As surely as night follows day, one government intervention begets another. In Massachusetts, the 2006 healthcare reform law signed by then-Gov. Mitt Romney forced every Bay Stater to buy health insurance and every insurer to cover every applicant regardless of preexisting conditions. Not surprisingly, this created an increase in demand for medical care, driving prices and insurance premiums to the highest levels in the nation.
Now, rather than admit their mistake and repeal Romneycare, elected officials are compounding their errors by imposing cost controls on healthcare. A bill doing just that passed the state House of Representatives overwhelmingly (132-20) and the Senate unanimously. Gov. Deval Patrick signed it into law Monday, saying, “This is a commonwealth that has shown the nation how to extend coverage to everyone, and we’re going to crack the code now on cost control.”
The state’s chosen means of decryption is simply to demand that costs be kept below an arbitrary target. Specifically, for each year through 2017 healthcare spending may not increase faster than Massachusetts’ Gross State Product (GSP) — about half the rate at which it is currently rising. Then from 2018 to 2022 its growth is capped at half a percentage point below the rate of GSP increase. Also, instead of paying providers for each service provided, insurers will be strongly encouraged to pay them on a per-patient basis.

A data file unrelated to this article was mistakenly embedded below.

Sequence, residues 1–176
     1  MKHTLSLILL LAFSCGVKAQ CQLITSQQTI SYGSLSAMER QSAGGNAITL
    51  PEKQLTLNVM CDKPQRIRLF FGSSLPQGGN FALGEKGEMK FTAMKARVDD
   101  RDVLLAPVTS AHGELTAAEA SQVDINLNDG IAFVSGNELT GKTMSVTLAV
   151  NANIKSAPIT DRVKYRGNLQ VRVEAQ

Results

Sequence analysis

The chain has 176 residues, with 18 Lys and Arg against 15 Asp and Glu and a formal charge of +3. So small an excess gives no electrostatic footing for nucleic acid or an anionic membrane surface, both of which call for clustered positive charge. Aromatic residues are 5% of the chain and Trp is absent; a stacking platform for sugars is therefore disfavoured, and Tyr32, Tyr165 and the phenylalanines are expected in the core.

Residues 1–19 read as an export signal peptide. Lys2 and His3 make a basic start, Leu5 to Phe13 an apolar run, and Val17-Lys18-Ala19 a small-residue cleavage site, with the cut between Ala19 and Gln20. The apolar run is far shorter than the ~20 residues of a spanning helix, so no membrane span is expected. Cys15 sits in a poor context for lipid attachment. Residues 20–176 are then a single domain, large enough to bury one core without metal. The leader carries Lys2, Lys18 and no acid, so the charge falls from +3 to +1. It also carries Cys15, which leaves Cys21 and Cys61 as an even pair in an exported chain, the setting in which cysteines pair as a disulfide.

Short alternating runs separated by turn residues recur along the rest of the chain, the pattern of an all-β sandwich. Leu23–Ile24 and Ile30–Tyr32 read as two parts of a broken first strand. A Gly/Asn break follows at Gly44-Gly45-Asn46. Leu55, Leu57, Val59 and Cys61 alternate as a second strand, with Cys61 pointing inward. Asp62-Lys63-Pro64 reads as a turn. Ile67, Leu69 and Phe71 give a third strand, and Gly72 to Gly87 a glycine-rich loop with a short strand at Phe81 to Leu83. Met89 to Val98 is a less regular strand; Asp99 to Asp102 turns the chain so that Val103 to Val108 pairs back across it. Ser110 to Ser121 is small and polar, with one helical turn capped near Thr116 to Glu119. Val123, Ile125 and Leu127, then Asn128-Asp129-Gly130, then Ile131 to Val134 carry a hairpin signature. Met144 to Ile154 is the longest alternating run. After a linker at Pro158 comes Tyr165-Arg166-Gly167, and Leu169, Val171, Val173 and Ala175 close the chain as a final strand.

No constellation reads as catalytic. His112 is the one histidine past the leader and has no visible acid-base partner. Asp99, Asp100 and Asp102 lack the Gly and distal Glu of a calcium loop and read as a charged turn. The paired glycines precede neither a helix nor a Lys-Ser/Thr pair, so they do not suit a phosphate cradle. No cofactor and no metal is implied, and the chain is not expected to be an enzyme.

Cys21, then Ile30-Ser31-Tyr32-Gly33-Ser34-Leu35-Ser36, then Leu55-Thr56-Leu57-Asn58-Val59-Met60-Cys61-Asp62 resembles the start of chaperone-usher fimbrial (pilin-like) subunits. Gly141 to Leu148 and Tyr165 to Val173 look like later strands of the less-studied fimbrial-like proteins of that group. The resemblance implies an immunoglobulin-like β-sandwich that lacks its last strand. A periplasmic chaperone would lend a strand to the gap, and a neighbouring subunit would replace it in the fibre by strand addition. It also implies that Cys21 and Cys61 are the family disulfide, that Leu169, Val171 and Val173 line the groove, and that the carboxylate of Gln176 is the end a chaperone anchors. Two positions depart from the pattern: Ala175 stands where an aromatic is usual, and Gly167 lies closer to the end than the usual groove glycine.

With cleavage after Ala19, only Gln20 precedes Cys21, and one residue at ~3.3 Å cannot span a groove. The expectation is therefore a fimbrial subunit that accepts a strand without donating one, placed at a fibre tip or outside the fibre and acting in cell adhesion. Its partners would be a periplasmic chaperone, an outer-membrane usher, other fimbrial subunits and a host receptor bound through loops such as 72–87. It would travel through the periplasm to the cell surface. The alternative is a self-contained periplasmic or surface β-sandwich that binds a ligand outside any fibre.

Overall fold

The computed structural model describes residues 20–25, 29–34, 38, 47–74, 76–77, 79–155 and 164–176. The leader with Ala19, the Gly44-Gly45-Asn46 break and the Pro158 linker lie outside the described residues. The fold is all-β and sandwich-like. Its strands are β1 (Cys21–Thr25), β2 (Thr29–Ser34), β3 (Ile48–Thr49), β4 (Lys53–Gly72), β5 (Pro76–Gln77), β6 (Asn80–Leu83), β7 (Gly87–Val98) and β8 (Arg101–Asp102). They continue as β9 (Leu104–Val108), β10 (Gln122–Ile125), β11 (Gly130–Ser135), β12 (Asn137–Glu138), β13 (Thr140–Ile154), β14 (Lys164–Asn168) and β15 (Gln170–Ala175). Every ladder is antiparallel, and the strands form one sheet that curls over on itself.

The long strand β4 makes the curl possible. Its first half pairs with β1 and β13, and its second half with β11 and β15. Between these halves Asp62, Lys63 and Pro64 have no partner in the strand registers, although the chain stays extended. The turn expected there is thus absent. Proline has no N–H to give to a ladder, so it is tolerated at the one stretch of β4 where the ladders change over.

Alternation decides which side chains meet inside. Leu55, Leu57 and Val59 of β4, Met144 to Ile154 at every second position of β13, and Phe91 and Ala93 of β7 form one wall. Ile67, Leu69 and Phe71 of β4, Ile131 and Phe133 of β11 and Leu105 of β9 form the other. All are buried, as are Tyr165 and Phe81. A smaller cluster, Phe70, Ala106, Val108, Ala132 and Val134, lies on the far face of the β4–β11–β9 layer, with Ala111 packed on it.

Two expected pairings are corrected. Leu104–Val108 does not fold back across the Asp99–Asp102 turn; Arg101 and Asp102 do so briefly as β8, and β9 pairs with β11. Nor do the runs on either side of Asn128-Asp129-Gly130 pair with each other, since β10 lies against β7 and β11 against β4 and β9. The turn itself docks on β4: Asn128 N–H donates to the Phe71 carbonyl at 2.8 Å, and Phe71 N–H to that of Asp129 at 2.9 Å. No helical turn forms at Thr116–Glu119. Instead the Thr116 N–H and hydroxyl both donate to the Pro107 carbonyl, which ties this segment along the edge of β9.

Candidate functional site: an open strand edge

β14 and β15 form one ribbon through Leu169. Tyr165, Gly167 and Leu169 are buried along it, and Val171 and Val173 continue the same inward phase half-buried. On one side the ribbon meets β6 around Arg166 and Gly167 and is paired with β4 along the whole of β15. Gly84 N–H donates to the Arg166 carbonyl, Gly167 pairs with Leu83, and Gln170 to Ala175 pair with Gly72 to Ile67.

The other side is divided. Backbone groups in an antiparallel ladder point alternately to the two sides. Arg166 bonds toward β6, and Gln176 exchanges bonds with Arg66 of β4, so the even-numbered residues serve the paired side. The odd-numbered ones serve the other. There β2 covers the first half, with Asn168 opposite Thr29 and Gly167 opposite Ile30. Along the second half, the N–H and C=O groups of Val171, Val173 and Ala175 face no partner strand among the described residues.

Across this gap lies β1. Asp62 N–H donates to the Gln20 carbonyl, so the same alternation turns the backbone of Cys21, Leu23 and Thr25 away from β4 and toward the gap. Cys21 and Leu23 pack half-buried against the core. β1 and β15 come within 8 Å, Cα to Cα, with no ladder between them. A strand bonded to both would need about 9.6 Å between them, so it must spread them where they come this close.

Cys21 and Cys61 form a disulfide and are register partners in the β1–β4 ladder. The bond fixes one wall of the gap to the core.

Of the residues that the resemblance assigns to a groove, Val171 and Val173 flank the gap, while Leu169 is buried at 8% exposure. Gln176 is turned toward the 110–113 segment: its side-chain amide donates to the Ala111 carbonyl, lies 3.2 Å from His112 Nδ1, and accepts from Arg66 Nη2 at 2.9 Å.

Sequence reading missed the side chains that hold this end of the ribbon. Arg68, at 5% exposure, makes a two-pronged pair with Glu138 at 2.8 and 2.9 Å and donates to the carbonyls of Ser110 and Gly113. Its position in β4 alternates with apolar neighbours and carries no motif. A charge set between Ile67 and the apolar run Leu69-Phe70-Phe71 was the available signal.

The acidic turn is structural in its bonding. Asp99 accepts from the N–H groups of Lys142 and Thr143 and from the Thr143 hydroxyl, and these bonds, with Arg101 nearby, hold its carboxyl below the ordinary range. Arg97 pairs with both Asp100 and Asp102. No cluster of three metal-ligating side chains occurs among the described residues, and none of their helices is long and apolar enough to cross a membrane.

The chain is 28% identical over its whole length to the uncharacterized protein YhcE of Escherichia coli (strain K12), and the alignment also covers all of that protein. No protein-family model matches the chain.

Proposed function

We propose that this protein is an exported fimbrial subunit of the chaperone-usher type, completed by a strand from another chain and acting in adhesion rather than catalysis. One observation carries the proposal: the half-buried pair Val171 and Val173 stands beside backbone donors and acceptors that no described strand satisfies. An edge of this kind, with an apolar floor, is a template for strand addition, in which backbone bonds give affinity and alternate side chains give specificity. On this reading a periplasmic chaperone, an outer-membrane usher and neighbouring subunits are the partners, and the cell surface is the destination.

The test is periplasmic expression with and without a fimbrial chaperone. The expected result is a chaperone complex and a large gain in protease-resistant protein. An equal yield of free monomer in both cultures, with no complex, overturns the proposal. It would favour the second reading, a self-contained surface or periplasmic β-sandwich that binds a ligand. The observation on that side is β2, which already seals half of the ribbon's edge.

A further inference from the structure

And that’s just the beginning. “Joshua Archambault of the Pioneer Institute finds 941 instances in which the [House version of the] bill mandates that something ‘shall’ be done,” writes Boston Globe columnist Jeff Jacoby. “Among these are more than 25 kinds of penalties, fines, and surcharges, for price control and punishment always go hand in hand.” For instance, a healthcare provider that fails to meet the state’s cost-control targets and does not file or implement a plan to meet them could be fined $500,000.
In addition to setting cost targets, the law mandates electronic health records for all patients, increases state Medicaid payment rates (which will surely prove unhelpful in cutting costs), and imposes a tax on hospitals that charge more than 120 percent of the state median price for a given service.
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Photo: In this Feb. 25, 2003, file photo, then-Massachusetts Gov. Mitt Romney delivers his State of the State address in Boston: AP Images